November 28, 2007

Horse 833 - Work

Work equals a force applied over a displacement... er...

The Prawny Bard in his blog writes these words:
I’ve felt for ages now that if you’re going to spend 80% of your week at work, you need to be doing a job that you like and can find some satisfaction. I personally can’t understand how people can get up and go to a job that they really don’t like. And I must add that that is a very personal though, and a genuine non-understanding of how people can think like that - simply because that’s not who I am.
- Prawn 27-11-07
This is the answer from the other side of the fence.

Work, that vicious nasty "four letter" word. Some would have you believe that it's a necessary evil but still an evil. This quite frankly is a load of crap. Work is not only a good thing in an of itself, it's also something which we were created to do.
Cast your minds back to Genesis 1... what? No seriously. Genesis 1:26-31. What do we find? Work. Specifically the oldest profession in the world (which by the way isn't prostitution) - farming. The Lord God took the man and put him in the Garden of Eden to work it and take care of it. (2:15)
So then, if work is a good thing, why do I hate my job?

Actually if you really want to know the truth, the main reason why I don't like my job is mainly due to the effects of the curse. Work is now cursed by difficulties, frustration and unintended consequences. You pay bills, and there's new ones to pay tomorrow. You spend days preparing a set of accounts, and you still stumble over the critical points when talking to the customer. You take on an easy job, and it takes three times as long as you thought. This doesn’t mean we should avoid work. Instead, it means we must work harder!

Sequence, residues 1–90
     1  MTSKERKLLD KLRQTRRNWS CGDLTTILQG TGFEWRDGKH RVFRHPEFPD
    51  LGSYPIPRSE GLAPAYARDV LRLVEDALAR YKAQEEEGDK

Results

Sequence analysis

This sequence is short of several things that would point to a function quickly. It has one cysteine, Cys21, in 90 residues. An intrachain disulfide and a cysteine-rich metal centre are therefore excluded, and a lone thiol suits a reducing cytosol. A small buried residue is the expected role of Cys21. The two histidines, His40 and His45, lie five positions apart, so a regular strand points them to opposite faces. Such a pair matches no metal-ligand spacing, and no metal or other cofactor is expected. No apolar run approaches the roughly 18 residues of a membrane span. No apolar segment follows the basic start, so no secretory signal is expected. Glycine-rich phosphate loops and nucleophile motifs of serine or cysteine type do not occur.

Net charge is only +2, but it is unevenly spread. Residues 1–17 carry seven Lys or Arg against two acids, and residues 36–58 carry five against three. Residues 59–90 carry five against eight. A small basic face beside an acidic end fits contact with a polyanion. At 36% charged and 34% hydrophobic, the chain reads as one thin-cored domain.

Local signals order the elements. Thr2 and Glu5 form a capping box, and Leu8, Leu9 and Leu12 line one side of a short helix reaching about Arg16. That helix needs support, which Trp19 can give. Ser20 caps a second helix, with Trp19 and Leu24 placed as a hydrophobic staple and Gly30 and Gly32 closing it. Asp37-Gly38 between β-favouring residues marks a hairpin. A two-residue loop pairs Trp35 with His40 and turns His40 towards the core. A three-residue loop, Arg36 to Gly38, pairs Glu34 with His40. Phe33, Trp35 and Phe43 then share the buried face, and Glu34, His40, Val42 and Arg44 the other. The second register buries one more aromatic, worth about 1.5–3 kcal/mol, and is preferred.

As someone who works in an Accountancy office, I can tell you that there is absolutely no way to make numbers fun. After sitting through 12 years of schooling and then 4 more in tertiary institutions (and afterwards, I should be put into one) you'd wonder why anyone would sign up for this job in the first place.
My first problem is that I happen to be quite brilliant at what I do. I know not only what it is to do a job well but also to acheive perfection. The thing with maths is that in some cases it's an exacting science, a pure world. There are no greys, only right and wrong. Virtually most of the "normal" tasks I do have a set of figures and only one way to plug them in. From the outset, having no creativity with what you can do with the information isn't condusive to fun at all.

Working in the environment that I do means that apart from the clacking of keys, there is otherwise very little noise. There is the drone of the air-con and the occasional rumble of traffic outside; again there's not a whole heap of interaction with anything. Since I am essentially an indentured servant, what the boss says goes and I have no problem with that, since that's a proper and decent situation (and since business risk rests on his shoulders, by looking out for my boss I also by inference am looking out for myself). If I can do the best job for my boss that I can and he's happy, then my function is fulfilled.

One reason why I don't like work is mainly due to my character, yet there is a paradox wrapped up in this. Dylan Thomas once wrote about "raging against the dying of the light" - I need to rage against things. If I actively dislike my work, I find that I want to do a better, squarer and more exact job of it; that in itself is a challenge which is worthy.

The way I see it, work can be described with the words said of Manfred von Richthofen, that is, he was a "gallant and worthy foe". One always finds a satisfaction from beating one's foes; if work is one of them, then even disliking it and beating it can provide enough satisfaction to go back and fight it yet again.

1 comment:

Anonymous said...

Numbers are fun.
Creativity can be torture.

No creativity means being able to look at a problem, devise a solution and be done. Creativity means looking at a problem, rejecting hundreds of ideas, hating yourself, tearing out your hair, and finally choosing the least awful solution, and using your remaining time to put together a half-arsed piece of work that will only be evaluated subjectively anyway.

You can't say, "Actually, I'm right because you forgot to carry the one." Nope. They only have to think you're wrong for you to be wrong.